The Black Collar Crime Series relies on public news stories and publicly available information for its content. If any incorrect information is found, please contact Bruce Gerencser. Nothing in this post should be construed as an accusation of guilt. Those accused of crimes are innocent until proven guilty.
In 2021, Misi Tagaloa, pastor of Second Samoan United Church of Christ in Long Beach, California, was accused of stealing over $100,000 from Phillip Campbell (who has since died), a disabled, schizophrenic homeless man. Charged last August, Tagaloa remains the pastor of Second Samoan.
The man in the photo looked like her father, but Sounmi Campbell needed to be sure.
Phillip Campbell had disappeared almost 20 years earlier in a fog of mental illness that abruptly drove him from his sister’s home in Georgia. A trail of letters, the final ones postmarked from Long Beach more than a decade ago, was his family’s last clue to his whereabouts.
The letters eventually stopped, but the search didn’t. From the East Coast, Sounmi’s sister-in-law was scouring online records. In 2017, as she Googled the name Phillip Campbell, she saw it associated for the first time with Misi Tagaloa, a prominent pastor in Long Beach who has run for City Council three times.
What were the chances this could be their Phillip Campbell?
For months, Sounmi said, her sister-in-law tried to reach the pastor, but he would take weeks to respond. When he eventually provided a photo of a man he knew as Phillip Campbell, Sounmi was stunned.
“When the picture came up, I was like, oh my god,” she said. In the man’s face—with an unmistakable hawk nose the entire family seems to share—she saw herself.
For years, Sounmi had feared her father was dead or living on the street, so she at first was grateful Campbell was under the care of Tagaloa, who leads the Second Samoan Congregational Church on the outskirts of Downtown Long Beach.
Campbell was living in a home next to the church’s sanctuary. Inside, the conditions weren’t ideal, according to his family, who said he was sleeping on a couch in the house with several other homeless men. But at least he was safe.
That gratitude has since soured as investigators from the Long Beach Police Department and state Department of Justice unwound Tagaloa’s financial relationship with Campbell.
“This is clearly abuse of my father,” Sounmi said after seeing the breadth of the accusations laid out in a 14-page affidavit filed by state prosecutors earlier this year and obtained by the Long Beach Post last week.
Tagaloa’s crime, the document alleges, spanned years, with the pastor gaining power of attorney over Campbell, a schizophrenic man in his 60s who had lost the ability to properly care for himself.
While managing Campbell’s finances, prosecutors say, Tagaloa embezzled more than $100,000.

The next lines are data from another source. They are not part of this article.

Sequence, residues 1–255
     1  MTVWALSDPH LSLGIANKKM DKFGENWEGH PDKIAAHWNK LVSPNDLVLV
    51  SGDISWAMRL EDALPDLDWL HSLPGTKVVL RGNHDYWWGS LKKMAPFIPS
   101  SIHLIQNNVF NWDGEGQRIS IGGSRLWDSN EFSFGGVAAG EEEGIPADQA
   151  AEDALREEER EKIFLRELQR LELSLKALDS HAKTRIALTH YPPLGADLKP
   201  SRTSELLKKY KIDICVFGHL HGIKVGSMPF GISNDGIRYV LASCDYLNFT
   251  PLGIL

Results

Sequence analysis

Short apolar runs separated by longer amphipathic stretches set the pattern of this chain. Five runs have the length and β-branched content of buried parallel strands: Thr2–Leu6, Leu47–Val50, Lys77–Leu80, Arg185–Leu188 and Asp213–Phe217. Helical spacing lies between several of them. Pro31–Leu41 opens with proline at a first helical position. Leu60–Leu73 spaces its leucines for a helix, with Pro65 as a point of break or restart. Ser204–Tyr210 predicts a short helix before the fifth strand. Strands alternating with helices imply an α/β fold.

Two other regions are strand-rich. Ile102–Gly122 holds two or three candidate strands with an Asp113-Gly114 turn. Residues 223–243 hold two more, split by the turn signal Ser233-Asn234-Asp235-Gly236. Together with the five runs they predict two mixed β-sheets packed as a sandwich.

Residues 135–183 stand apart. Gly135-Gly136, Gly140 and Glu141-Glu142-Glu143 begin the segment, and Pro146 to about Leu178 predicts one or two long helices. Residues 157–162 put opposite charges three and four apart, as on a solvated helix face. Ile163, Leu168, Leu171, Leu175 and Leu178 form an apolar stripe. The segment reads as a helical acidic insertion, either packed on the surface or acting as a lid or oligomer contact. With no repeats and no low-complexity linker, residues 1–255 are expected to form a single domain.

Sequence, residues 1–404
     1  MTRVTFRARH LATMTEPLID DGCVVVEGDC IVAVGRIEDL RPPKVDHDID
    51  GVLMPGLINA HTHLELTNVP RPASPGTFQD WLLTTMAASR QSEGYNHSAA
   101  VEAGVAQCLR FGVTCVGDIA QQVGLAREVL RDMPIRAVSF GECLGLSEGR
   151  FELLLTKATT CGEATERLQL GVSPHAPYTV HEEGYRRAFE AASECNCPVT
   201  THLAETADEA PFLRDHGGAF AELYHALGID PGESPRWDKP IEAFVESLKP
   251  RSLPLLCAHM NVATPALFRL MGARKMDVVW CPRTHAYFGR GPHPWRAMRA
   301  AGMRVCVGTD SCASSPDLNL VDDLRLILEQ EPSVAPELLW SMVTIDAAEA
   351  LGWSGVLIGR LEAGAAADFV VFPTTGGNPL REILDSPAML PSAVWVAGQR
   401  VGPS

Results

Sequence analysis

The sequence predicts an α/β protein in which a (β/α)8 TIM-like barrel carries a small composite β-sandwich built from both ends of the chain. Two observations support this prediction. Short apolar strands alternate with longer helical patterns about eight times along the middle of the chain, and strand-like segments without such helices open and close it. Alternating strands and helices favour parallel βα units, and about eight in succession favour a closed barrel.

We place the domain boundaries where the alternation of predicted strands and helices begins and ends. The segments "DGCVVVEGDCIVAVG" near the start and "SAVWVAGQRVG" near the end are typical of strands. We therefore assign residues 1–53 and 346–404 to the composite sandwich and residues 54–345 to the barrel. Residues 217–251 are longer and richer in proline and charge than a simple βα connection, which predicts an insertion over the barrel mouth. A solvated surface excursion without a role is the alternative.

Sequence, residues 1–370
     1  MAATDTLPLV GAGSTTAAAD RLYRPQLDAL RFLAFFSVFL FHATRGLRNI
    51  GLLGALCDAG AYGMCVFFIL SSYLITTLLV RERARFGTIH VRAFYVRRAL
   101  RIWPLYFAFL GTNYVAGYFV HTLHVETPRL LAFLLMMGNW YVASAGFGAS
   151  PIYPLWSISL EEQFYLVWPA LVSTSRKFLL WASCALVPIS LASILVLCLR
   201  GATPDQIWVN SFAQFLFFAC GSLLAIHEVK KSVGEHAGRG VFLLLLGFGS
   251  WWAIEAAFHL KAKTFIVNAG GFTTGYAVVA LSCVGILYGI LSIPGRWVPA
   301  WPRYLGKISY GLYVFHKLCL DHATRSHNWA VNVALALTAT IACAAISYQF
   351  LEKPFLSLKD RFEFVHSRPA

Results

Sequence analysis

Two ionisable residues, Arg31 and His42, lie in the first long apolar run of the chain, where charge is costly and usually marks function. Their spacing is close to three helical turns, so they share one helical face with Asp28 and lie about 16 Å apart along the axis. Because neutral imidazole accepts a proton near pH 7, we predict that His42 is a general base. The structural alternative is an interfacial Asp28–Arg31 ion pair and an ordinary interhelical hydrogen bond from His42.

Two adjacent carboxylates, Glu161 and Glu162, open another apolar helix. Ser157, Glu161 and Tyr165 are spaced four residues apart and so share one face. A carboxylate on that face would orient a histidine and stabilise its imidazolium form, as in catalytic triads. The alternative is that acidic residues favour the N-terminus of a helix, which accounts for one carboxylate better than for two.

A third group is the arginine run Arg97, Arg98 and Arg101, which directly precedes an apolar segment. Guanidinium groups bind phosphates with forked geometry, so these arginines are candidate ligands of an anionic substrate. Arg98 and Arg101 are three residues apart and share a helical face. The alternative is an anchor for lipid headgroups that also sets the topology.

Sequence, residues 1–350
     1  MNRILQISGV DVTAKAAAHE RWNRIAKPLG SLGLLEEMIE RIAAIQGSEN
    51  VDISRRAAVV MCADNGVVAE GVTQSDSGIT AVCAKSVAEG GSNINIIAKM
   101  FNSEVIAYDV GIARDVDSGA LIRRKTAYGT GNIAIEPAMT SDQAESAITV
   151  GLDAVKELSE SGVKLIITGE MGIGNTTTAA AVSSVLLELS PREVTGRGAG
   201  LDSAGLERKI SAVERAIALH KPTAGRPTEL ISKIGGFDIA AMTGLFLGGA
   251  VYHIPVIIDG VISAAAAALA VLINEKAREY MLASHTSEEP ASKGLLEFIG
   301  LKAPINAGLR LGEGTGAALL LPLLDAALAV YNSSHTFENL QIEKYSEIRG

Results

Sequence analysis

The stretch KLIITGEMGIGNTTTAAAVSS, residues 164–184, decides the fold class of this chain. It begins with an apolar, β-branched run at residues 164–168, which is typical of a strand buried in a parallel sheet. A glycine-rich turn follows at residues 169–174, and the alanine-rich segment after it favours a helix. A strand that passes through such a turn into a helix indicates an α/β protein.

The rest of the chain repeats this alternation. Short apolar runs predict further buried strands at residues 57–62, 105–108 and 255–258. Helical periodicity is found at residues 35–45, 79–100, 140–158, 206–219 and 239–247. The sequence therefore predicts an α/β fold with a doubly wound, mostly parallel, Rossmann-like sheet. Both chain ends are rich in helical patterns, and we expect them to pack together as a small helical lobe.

The California Attorney General’s Office charged Tagaloa in August with felony counts of grand theft and theft from an elder dependent, but the case has remained largely out of public view with Tagaloa free on $70,000 bail as he progresses slowly toward trial.
Madena estimates her brother had been living out of Tagaloa’s church since some time before 2013. By 2016, Tagaloa was applying to manage Campbell’s VA benefits, according to investigators’ account in their 14-page affidavit. As part of the application, the pastor signed an agreement pledging to use the money only for Campbell’s benefit.
As soon as 2017, the VA flagged a questionable expense. In August that year, officials asked Tagaloa to justify a $4,390 payment to ClickSound & Stage, the name of a Norwalk-based stage and sound equipment rental company.
When investigators circled back for a closer look, they found a host of suspicious payments starting as early as 2016, according to the affidavit. They allege Campbell’s account was charged $356 at Men’s Suit Outlet, $913.11 to TNT Electric Signs, $318 to A & A Towing, $1,000 for rent at “Second Samoan,” followed three days later by another $1,200 to the church.
There was a flurry of spending from Campbell’s account on one day in February 2017, the affidavit says: a total of $2,477.75 at what appear to be clothing and apparel stores like Judy Blue Jeans USA, LAJEWELRYPLAZADOTCOM and Capella Apparel Co.
More charges would follow, according to the affidavit: hundreds of dollars to restaurants and donations to local community groups along with thousands directly to Tagaloa’s church.
All the details still aren’t publicly known. In the affidavit, investigators describe over 50 transactions they thought were suspicious, but they also seized six years of bank records that could contain more details.
The charges against Tagaloa accused him of stealing more than $100,000, but the California Attorney General’s Office declined to give a more exact figure or describe further what Tagaloa allegedly spent the money on other than to say they were “unauthorized expenses.”